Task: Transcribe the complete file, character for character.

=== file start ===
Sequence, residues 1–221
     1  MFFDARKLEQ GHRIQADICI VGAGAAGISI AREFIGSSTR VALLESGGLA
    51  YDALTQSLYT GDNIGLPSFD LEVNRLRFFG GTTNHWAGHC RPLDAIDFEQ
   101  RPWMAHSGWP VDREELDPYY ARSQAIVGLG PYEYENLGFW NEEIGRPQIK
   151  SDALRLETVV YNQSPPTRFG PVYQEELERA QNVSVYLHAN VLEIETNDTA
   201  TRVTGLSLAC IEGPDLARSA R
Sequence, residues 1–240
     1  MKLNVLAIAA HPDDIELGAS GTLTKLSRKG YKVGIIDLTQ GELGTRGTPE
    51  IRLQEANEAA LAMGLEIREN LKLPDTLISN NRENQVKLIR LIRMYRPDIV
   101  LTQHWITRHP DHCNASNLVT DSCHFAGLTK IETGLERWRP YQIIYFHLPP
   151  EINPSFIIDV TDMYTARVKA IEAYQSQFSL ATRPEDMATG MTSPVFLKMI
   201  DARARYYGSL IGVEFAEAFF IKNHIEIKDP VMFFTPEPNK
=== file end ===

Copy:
Sequence, residues 1–221
     1  MFFDARKLEQ GHRIQADICI VGAGAAGISI AREFIGSSTR VALLESGGLA
    51  YDALTQSLYT GDNIGLPSFD LEVNRLRFFG GTTNHWAGHC RPLDAIDFEQ
   101  RPWMAHSGWP VDREELDPYY ARSQAIVGLG PYEYENLGFW NEEIGRPQIK
   151  SDALRLETVV YNQSPPTRFG PVYQEELERA QNVSVYLHAN VLEIETNDTA
   201  TRVTGLSLAC IEGPDLARSA R
Sequence, residues 1–240
     1  MKLNVLAIAA HPDDIELGAS GTLTKLSRKG YKVGIIDLTQ GELGTRGTPE
    51  IRLQEANEAA LAMGLEIREN LKLPDTLISN NRENQVKLIR LIRMYRPDIV
   101  LTQHWITRHP DHCNASNLVT DSCHFAGLTK IETGLERWRP YQIIYFHLPP
   151  EINPSFIIDV TDMYTARVKA IEAYQSQFSL ATRPEDMATG MTSPVFLKMI
   201  DARARYYGSL IGVEFAEAFF IKNHIEIKDP VMFFTPEPNK